Issued: Tue, Mar 13, 2018 at 8AM

Expires: Tue, Mar 13, 2018

We’re on the tail-end of a large avalanche cycle. All avalanche terrain and lower runout zones should be still be avoided until temperatures drop and things settle down.

Above 2,500ft High

1,500 to 2,500ft High

Below 1,500ft High

Degrees of Avalanche Danger ?

1. Low
2. Moderate
3. Considerable
4. High
5. Extreme

Avalanche Danger Rose ?

Avalanche Problems ?

Problem Details

Bottom line: Avoid all avalanche terrain today. We’re at the tail end of a large avalanche cycle.

Temperatures continue to climb. One-half inch of rain fell yesterday up to 3,500ft. Today, the freezing level will climb up to nearly 5,000ft. There may be some breaks in the clouds, which would mean solar heating on south aspects.

Natural and Human-triggered slides remain likely today.

In the backcountry, remote triggering and wide propagation will be possible, leading to large avalanches. Surface avalanches may step down to deep facet layers 100-200cm deep.

A layer of weak facets buried underneath last week’s new snow (about 100cm deep) is still active and touchy. Widespread danger signs exist, including whumphing and skier-triggered slides over the last week. Slopes steeper than 30 degrees are still quite dangerous, even in the trees (see photos below).

Problem #1: Wet Avalanches

Location: All slopes below 5,000ft, 30 degrees and steeper. Rain has been falling up to about 4,000ft. The freezing level will be rising to near 5000ft as the storm clears today. Dangerous wet slabs and wet sluffs will be common in steep terrain. Gullies and runout zones will channel wet debris and some slides may reach flat areas at the margins of runout zones, and even the Haines highway in a few spots between 15-25 mile.

Problem #2: Persistent Slab

Location: All aspects above 1,500ft. About a meter down, we still have weak 3-4mm buried surface facets. This facet layer and ice crust underneath has caused many avalanches, and prolific collapsing over the last week. Remote triggering has been a common report. The slab on top could be anywhere from 80-150cm thick, and will be sensitive to human triggering on slopes steeper than 30 degrees.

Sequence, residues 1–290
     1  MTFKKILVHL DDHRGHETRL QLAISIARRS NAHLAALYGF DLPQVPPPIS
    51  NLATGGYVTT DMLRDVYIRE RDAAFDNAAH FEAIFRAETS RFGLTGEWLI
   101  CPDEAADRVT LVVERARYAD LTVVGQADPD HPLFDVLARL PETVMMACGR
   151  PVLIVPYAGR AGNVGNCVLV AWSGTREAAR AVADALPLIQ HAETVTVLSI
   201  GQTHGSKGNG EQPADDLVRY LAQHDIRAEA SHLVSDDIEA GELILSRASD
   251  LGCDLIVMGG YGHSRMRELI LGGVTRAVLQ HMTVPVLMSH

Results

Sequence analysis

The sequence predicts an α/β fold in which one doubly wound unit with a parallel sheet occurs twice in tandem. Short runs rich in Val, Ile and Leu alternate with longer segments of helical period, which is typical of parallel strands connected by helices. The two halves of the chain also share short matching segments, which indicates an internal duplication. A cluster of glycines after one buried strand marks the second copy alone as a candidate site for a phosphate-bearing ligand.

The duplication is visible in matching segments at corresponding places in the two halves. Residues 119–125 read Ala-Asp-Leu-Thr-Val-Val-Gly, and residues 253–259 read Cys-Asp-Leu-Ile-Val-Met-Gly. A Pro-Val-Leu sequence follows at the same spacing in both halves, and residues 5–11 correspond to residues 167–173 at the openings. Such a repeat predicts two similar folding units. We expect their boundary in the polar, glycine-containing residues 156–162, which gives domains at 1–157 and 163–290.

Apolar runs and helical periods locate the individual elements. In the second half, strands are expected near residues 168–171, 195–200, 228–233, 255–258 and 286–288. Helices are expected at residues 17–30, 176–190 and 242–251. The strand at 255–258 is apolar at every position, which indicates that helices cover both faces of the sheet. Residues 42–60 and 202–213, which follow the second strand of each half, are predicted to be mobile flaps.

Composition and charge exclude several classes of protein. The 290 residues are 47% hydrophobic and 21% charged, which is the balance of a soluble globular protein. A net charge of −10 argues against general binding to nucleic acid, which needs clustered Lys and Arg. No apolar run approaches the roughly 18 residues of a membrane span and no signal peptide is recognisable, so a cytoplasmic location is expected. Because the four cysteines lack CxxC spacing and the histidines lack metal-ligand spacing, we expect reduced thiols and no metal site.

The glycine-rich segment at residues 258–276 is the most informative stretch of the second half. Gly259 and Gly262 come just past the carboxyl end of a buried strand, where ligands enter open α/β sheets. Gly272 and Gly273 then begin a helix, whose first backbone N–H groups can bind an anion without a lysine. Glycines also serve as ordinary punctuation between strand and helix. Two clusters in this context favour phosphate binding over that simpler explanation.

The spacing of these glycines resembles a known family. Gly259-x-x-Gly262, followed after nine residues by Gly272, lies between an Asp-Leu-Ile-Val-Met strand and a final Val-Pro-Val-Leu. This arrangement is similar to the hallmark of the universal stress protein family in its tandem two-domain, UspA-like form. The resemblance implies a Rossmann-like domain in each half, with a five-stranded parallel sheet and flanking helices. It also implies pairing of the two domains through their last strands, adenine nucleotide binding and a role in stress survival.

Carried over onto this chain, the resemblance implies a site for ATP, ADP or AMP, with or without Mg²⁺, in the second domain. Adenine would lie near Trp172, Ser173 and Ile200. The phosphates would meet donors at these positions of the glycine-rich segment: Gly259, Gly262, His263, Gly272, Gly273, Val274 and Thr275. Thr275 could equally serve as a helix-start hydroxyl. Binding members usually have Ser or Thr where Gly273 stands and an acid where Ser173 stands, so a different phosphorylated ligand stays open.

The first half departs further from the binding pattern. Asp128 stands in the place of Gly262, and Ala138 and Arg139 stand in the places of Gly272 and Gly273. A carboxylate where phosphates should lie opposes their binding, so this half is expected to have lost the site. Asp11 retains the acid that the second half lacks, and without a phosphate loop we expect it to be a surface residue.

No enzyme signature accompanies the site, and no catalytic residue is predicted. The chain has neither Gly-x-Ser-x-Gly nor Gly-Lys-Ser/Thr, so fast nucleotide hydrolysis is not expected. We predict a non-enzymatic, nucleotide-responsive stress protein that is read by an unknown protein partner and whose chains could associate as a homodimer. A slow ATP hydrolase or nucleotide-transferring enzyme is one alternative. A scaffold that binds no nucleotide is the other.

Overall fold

Even slopes that slid last week will have the potential to reload over these weak persistent facets and avalanche again.


Recent Avalanche Activity

In the last week, lots of whumphing, shooting cracks, and slide activity has been reported (failing on facets above and below the upper ice crust).

Several slides have been occurring in the trees around 2500-3500ft, on any aspect where the recent snow has loaded up. Photo below is the result from a ski cut. [ SS-ARc-D2-R2-O, E aspect at 3500ft, 40 degree slope, crown 30-45cm deep ] ran on 3mm facets above the ice crust. Lutak Zone, 3/4/2018.

There has been sporadic natural wind slab activity to size 3 in the Lutak and Transitional zones, mostly on wind loaded south aspects over the last week (see photo 1 below). In a few heavily-cross loaded areas around 4000ft, natural slides broke below the ice crust on persistent facets (photo 2 below).

Recent Weather

Very heavy snow and warming temperatures hit Saturday night-Sunday night, with 24-36″ of wet new snow above 1,000ft by Monday morning. Rain/snow continued through Monday night, though it will finally taper off Tuesday. Very warm air will move in Tuesday, with freezing levels rising to 5,000ft at least. Luckily it shouldn’t be raining during this time.

 Snow Depth [in] Last 24-hr Snow/SWE [in] Last 7-days Snow/SWE [in]  Today’s Freezing Level [ft]  Today’s Winds Next 24-hr Snow/SWE
Mount Ripinsky @ treeline
69″ 1″ / 0.50 57″ / 5.40 3500 -> 5000  light, N 0″/ 0.00 *
Flower Mountain @ treeline
 57″ 1″ / 0.50 38″ / 3.50 3000- > 4500 light, N 0″/ 0.00*
Chilkat Pass @ 3,500ft
 34″* 3″ / 0.50 * 20″ / 1.60 * 3000 – > 4500 light, N 0″/ 0.00 *

( *star means meteorological estimate )

Additional Info & Media

If you get out on the snow, send in your observations!

Posted in Transitional Zone Forecasts.
Erik Stevens

Forecaster: Erik Stevens